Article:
Journalist Ed Morales provides a comprehensive, accessible breakdown of the term “Latinx” and the politics and histories of the many ethnicities it encompasses. Latinx examines how Latinx self-identity is informed by the plethora of Indigenous, Central American, South American, and Caribbean communities in the U.S., with a particular focus on the long history of Puerto Rican, Mexican, and Cuban involvement in developing U.S. politics and popular culture, especially music; an early chapter on the modern repercussions of the Spanish colonial mestizaje, a race-based hierarchy that prioritized light skin and European ancestry, is particularly fascinating. Importantly, Morales closes the book with a discussion of the political disenfranchisement and potential power of Latinx voters, whose cultural and socioeconomic diversity make them challenging and key players in the formation of a healthy, functioning future America.
While Morales’s Latinx illustrates the lack of cohesion within the Latinx voting bloc, Benjamin Francis-Fallon’s The Rise of the Latino Vote explores how, since the 1960s, Latinx activists and politicians have successfully created a collective political identity, while at the same time failing to mobilize different Latinx communities to vote in a unified fashion. Francis-Fallon’s history and analysis of how this bloc was formed, and why it consistently fails to motivate the Latinx electorate, is a vital contribution to ongoing discussions about the best ways to capture this influential constituency.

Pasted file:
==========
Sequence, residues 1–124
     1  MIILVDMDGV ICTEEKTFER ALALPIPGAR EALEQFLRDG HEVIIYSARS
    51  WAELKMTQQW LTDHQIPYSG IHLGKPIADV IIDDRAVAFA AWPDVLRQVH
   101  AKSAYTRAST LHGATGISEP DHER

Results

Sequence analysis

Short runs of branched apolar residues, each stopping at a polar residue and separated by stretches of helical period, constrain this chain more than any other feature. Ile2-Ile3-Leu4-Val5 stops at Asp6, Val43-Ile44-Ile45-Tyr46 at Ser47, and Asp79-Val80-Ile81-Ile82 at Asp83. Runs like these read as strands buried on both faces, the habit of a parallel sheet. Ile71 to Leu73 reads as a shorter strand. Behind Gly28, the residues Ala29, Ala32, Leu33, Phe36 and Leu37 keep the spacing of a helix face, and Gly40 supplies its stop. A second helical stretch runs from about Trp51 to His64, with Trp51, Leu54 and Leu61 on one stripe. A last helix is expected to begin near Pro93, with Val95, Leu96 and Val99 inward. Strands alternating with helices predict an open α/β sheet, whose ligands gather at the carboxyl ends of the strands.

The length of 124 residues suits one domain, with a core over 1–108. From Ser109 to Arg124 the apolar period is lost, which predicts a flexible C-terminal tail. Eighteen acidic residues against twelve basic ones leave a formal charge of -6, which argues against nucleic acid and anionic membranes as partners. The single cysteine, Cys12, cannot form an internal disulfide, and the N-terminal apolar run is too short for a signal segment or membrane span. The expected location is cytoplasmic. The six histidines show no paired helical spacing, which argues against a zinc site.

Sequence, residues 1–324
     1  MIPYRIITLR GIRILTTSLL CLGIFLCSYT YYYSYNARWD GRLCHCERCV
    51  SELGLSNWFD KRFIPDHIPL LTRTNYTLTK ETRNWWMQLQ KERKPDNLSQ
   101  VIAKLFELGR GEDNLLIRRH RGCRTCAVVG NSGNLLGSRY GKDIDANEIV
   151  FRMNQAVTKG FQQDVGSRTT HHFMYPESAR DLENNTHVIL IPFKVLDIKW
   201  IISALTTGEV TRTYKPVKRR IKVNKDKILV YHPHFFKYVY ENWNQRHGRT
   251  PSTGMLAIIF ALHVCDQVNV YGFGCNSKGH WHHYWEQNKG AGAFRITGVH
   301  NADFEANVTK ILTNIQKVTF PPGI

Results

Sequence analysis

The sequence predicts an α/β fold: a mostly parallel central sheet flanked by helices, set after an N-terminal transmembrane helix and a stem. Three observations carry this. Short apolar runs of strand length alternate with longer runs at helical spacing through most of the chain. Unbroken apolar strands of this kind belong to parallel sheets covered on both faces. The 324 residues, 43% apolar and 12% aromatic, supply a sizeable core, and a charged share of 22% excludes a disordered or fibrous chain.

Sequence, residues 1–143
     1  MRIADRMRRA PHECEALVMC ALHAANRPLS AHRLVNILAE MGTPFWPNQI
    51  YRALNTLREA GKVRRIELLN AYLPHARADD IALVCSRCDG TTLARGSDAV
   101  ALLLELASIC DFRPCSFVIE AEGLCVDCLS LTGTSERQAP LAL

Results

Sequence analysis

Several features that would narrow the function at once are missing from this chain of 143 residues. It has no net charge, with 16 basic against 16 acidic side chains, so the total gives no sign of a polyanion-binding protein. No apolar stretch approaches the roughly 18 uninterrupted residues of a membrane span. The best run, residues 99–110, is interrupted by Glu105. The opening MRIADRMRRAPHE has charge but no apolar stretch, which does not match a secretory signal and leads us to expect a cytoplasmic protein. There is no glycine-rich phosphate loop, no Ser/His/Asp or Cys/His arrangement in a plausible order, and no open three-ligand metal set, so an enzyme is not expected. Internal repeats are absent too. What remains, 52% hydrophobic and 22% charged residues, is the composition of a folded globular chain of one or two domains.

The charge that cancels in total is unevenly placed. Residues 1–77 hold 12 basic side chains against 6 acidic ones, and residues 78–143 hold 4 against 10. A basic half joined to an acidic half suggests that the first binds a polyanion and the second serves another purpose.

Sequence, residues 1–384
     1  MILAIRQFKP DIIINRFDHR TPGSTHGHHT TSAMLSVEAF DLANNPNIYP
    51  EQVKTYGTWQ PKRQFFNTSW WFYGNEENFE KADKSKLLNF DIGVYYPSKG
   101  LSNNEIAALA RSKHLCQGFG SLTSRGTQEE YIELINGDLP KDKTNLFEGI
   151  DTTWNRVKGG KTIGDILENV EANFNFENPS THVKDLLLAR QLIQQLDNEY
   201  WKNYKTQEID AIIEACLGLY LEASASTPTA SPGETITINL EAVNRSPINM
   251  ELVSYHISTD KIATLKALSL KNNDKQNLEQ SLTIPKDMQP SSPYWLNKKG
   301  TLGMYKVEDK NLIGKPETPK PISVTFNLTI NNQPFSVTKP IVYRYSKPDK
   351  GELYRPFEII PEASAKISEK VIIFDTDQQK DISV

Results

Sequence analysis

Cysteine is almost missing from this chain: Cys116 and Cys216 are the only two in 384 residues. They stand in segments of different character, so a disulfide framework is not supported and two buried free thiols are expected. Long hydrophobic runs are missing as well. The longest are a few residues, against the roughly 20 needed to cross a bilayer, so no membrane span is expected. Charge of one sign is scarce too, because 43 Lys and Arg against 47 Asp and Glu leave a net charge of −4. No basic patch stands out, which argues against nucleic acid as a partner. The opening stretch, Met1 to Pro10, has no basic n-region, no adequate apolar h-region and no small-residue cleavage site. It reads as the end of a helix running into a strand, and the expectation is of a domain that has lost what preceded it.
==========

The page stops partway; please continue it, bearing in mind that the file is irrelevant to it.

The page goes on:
Lázaro Lima uses Sonia Sotomayor’s appointment to the Supreme Court as a lens though which to explore symbolic versus actual acceptance of the Latinx community within American democratic institutions. Without minimizing Justice Sotomayor’s accomplishments, Lima questions whether accepting an individual as an icon or representative of “the possible” harms minority communities by shifting the burden of enfranchising everyone to a vague future date. An intriguing blend of biography and cultural theory, Sonia Sotomayor and the Latino Question is both a tribute to the Justice’s career and a compelling analysis of the systems — both structural and cultural — that allowed for her rise.